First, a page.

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- Electronic sensor array incorporating artificial neural network algorithms for rapid identification and quantification of Escherichia coli and Salmonella enterica serovar Typhimurium and their volatile metabolites
- Ubonrat Siripatrawan
- Electronic Theses & Dissertations
- Development of a resistance based biosensor utilizing conducting microfibers for microbial pathogen detection
- McGraw, Shannon Katie
- Electronic Theses & Dissertations
Escherichia coliO157:H7 ( E. coliO157:H7) is one of the U.S. military's top pathogens of interest for the development of rapid diagnostic systems. The enteric pathogen can cause severe gastroenteritis and is spread through the consumption of contaminated food and water. This is of concern to the U.S. military and warfighter because an outbreak of diarrheal disease in the field has the ability to rapidly render a large number of warfighters ineffective in...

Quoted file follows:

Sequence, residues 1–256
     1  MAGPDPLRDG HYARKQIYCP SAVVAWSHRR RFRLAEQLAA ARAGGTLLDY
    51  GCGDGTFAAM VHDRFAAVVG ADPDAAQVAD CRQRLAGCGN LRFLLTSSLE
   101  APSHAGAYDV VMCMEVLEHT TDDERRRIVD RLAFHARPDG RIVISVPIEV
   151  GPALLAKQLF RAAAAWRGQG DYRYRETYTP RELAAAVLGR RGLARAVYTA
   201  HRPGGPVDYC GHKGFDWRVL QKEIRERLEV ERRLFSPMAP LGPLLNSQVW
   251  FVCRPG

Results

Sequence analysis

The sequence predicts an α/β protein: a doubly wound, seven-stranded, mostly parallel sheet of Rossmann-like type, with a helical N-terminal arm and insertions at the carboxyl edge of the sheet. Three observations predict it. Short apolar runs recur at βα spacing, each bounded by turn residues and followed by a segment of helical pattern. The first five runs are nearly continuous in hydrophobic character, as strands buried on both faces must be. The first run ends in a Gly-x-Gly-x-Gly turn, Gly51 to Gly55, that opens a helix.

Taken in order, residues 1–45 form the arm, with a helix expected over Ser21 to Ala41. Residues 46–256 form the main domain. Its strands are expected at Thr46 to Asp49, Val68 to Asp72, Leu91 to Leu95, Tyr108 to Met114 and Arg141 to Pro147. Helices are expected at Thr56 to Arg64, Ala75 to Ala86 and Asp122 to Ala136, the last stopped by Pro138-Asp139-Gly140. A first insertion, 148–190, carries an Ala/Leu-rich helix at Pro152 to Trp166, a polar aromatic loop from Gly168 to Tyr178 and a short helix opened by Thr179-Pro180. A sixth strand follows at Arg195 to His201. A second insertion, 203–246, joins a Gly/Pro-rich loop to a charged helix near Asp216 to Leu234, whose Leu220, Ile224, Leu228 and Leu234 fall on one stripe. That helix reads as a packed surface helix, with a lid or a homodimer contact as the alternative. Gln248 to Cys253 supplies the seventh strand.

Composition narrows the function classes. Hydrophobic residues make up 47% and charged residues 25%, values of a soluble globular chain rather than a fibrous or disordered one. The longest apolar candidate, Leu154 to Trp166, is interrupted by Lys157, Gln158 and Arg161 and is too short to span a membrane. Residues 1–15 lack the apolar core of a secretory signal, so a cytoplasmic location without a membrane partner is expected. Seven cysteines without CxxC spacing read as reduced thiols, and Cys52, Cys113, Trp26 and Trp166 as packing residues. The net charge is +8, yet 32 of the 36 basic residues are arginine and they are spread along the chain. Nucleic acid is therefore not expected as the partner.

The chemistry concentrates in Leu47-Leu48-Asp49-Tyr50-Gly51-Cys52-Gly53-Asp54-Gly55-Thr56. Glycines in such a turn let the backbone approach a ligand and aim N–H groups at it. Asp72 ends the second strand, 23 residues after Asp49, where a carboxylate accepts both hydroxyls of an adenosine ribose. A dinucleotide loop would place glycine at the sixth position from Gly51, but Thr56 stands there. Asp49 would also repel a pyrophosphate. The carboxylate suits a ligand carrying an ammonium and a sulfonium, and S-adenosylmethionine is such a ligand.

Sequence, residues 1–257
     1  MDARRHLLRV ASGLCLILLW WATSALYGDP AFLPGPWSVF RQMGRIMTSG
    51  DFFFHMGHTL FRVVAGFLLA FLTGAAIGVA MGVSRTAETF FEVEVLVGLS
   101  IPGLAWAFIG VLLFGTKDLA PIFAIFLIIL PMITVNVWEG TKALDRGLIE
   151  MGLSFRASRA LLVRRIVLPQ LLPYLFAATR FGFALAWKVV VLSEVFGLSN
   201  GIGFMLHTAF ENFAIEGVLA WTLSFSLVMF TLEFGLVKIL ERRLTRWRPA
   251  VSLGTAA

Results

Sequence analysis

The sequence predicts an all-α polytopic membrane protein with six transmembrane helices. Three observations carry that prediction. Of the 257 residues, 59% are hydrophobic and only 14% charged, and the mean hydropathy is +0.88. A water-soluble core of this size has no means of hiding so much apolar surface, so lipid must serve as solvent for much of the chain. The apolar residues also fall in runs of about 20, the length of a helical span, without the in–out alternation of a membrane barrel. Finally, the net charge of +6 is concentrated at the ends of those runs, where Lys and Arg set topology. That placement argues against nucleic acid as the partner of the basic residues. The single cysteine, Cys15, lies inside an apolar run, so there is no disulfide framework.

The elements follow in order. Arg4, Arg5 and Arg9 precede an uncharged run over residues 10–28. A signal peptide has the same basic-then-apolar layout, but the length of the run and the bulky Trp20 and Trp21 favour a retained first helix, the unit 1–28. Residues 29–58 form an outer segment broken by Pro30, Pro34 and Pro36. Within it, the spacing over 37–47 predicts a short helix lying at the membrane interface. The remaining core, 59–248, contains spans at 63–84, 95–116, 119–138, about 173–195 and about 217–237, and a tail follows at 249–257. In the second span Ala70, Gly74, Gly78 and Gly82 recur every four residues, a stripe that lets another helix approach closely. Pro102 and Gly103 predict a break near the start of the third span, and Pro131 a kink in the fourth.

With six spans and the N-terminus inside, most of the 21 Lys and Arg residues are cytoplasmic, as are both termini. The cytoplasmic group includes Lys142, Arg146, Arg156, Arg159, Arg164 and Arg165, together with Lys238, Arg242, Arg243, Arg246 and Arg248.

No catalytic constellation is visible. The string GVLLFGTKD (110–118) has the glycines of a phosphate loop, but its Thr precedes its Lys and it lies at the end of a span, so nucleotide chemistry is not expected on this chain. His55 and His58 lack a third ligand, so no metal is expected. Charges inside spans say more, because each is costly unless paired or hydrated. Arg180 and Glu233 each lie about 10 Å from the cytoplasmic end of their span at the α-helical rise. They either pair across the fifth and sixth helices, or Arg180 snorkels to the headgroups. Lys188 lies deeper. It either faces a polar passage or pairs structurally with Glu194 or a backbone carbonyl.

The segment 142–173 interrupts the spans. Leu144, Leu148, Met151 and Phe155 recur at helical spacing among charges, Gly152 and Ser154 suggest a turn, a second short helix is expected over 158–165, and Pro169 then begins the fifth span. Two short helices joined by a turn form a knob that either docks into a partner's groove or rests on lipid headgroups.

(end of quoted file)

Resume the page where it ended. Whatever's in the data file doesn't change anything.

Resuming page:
Escherichia coliO157:H7 ( E. coliO157:H7) is one of the U.S. military's top pathogens of interest for the development of rapid diagnostic systems. The enteric pathogen can cause severe gastroenteritis and is spread through the consumption of contaminated food and water. This is of concern to the U.S. military and warfighter because an outbreak of diarrheal disease in the field has the ability to rapidly render a large number of warfighters ineffective in performing their duties. Current field &ldquoportable&rdquo detection technologies can be cumbersome and require generous quantities of chemicals to operate. In addition, the current FDA gold standard for identification of this pathogen from food matrices takes up to 3 days to generate a confirmed positive result. The objective of this dissertation research was to develop a rapid, novel electrochemical biosensor based on the use of polypropylene microfiber membranes coated with a conductive polypyrrole and antibody functionalized for the biological capture and detection of E. coliO157:H7. In this dissertation research, an electrotextile composed of conductive polymer coated microfibers containing functional attachment sites for biorecognition elements was developed. The electrotextiles were optically and electrically assessed based on the polymerization chemicals and reaction time to determine how these factors affected the resistance of the fibers. Based on these experiments, a mathematical model was developed, optimized, and validated. Various methods of antibody immobilization and surface blocking on the fibers were also assessed. Using glutaraldehyde, pathogen specific antibodies were covalently attached to the conductive microfiber electrotextiles which were then blocked using a 5% bovine serum albumin solution. The functionalized membranes were exposed to E. coliO157:H7 cells, washed in Butterfield's phosphate buffer and added to a phosphate buffer electrolyte solution. When a voltage was applied to the system, the presence of the captured pathogen on the fiber surface resulted in an increase in resistance at the electrotextile electrode surface, indicating a positive result. It was found that the conductivity of the components of the system, other than the electrotextile fibers, was not statistically significant. Proof&ndashof&ndashconcept experiments were conducted and it was determined that the electrotextile electrode was able to differentiate between positive and negative samples using the pathogen E. coliO157:H7 cells as the target over a concentration range of 10 0&ndash 10 9colony forming units per milliliter (CFU/mL). The reproducibility of the sensor results was tested and it was found that the trends in the biosensor results were reproducible. By testing the significance of the biosensor response it was determined that the biosensor can successfully function as a yes / no screening system. The results show that the biosensor has an experimental lower limit of detection of 3.23 x 10 0CFU/mL for the detection of E. coliO157:H7 in pure culture.